In 1936, Northrop Frye, a 24-year-old University of Toronto graduate who had recently arrived at Oxford, was furious. As tutor he had drawn Edmund Blunden, a much-praised poet of the First World War, and it wasn't working out. The one-on-one Oxford tutorial system assumed that Blunden would guide Frye through the thickets of scholarship, but that's just what he refused to do. While claiming to like Frye's essays, he offered few criticisms or suggestions. Soon Frye was amusing himself with fantasies of strangling this useless mentor. Finally, he realized what the trouble was: "I've scared the shit out of him."
Northrop Frye, whose criticism later made him one of the great literary figures of the world, must have been a pretty scary young man. He admitted being "infernally precocious" and called himself a "froggy sort of tadpole," mentally formed much earlier than most. Of one formative experience, he wrote, "I read all of Shaw at 15 and he turned me from a precocious child into an adolescent fool. Therefore he has had far more influence on me than any other writer." By his early twenties he was toweringly ambitious, and when he got to Oxford he was already writing the book on William Blake that made his reputation when it finally appeared in 1947. No wonder Blunden was terrified into silence.
The tale of Frye and his inadequate tutor is one of many remarkable stories in The Correspondence of Northrop Frye and Helen Kemp, 1932-1939 (University of Toronto Press), edited by Robert D. Denham. These two volumes--the beginning of a major publishing project, Frye's Collected Works--have a lot to tell us on three subjects. One, obviously, is the mind of the young Frye. Another is the historical period, the Depression and the approach of war. The third, and most memorable, is the relationship between Frye and Kemp.
They met as third-year students at Victoria College when he was 19 and she 21. Soon they were courting, then they were lovers. In 1936, still unmarried, Kemp became pregnant, apparently for the second time. It's not clear how the first pregnancy ended, but this time she had an illegal abortion, efficiently arranged by her mother. The letters indicate no regrets or hesitations on either side. Frye, home in Moncton when she learned she was pregnant, sent $15 of the $25 the abortionist charged. The following year, Frye and Kemp began the marriage that lasted until her death in 1986.
In the early years they were often apart: the Atlantic stood between them during her art studies in London, and his later work at Oxford. To these and other separations, we owe the gift of these letters.
In one way they were typical young lovers of the time, constantly worried about money. Kemp's father was a mostly out-of-work graphic designer in Toronto and Frye's was scraping along as a hardware salesman in Moncton. Yet these young people were also rich: they believed all culture was theirs to possess, and they pursued books, art, and music with joy and determination.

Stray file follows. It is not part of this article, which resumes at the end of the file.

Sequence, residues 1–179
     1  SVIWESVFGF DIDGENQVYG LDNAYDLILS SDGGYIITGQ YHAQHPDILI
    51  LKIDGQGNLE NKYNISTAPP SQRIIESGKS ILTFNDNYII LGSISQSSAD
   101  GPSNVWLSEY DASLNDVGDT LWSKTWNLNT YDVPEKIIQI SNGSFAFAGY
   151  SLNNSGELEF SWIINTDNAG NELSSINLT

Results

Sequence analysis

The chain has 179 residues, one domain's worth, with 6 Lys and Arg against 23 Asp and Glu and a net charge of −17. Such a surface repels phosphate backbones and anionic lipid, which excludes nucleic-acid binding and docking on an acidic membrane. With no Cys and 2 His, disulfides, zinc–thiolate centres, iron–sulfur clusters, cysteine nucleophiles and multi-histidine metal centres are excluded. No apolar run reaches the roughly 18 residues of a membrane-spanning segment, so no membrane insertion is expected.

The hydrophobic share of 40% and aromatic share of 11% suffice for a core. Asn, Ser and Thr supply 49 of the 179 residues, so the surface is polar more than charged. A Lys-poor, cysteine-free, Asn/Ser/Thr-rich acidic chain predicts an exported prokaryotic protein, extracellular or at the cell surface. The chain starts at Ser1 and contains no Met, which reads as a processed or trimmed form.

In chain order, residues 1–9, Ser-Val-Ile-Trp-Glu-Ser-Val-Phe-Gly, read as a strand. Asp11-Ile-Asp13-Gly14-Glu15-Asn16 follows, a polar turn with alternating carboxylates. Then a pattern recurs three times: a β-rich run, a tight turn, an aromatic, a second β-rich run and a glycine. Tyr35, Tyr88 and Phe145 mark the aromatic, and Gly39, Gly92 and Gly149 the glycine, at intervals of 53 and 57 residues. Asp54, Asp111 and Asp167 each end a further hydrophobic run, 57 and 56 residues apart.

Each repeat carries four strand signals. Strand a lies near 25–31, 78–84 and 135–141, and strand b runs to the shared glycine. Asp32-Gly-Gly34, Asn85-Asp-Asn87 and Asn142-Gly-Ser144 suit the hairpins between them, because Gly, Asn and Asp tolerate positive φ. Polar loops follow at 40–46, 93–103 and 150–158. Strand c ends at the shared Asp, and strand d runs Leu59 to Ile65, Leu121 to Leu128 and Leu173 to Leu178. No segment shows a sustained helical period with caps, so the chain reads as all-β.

In her letters Kemp emerges as articulate and imaginative, with an unusual frankness: Martin Baldwin, her boss at what was then called the Art Gallery of Toronto, appears here as "a lily-livered cur." Still, the main revelation is the private Northrop Frye. His inability to make easy conversation later became a legend in Toronto literary circles, but the Frye in these pages obviously loves telling stories, talking about books or films, and reporting details of his surroundings.
As a democratic socialist in the United Church tradition, he's startled by the widespread sympathy for Hitler he finds in Britain. Perhaps he overstates the case when he writes that "practically everyone in England is either a Fascist or a right-wing sympathizer," but certainly he's uncomfortable in a world that considers fascism one of several reasonable possibilities. In May, 1937, Blunden arrives back from Germany, "full of enthusiasm for the Nazis."
In these pages we often meet Frye the chronic generalizer and theorist. He praises his lover's letters by noting that women express themselves better than men. Then he adds: "Some women, that is, like Katherine Mansfield and Ellen Terry and Helen Kemp." His systematizing can turn dogmatic: "I do not approve of Anglicanism," he says, because there are two kinds of Christianity (Protestant individualism and Catholic collectivism) and "Anglicanism never mind up its mind which it was going to be."
As he and Kemp become closer, Frye speaks of their relationship with wonder: "Around my love there is always a mystery: why, in a world that seems to make so little sense otherwise, did something so inevitably right happen?" Without her he feels rudderless and incomplete. This isn't idle flattery: the letters make clear that he's socially awkward and incompetent in practical matters, such as applying for scholarships before the closing date. We watch Helen slowly assuming the role of Frye's loving but not overawed coach.
Frye later tells her that by becoming his wife she has ended his adolescence and allowed him to enter the adult world of meaningful work. "I couldn't find anything that would give my capacities any value or meaning to me until I was sure of you. Now I'm all right--I can go ahead...." He says that whatever he accomplishes will be partly her doing--in fact, his work will have "another name, and that name its real name, Helen."
As Edmund Blunden sensed immediately, the young Frye was phenomenally talented. But talent can easily be misplaced or ruined. Frye was that rare creature, a prodigy whose promise was entirely fulfilled. How this came about--through the love of a woman both good and wise, as in many old-fashioned tales--is the true subject of this collection.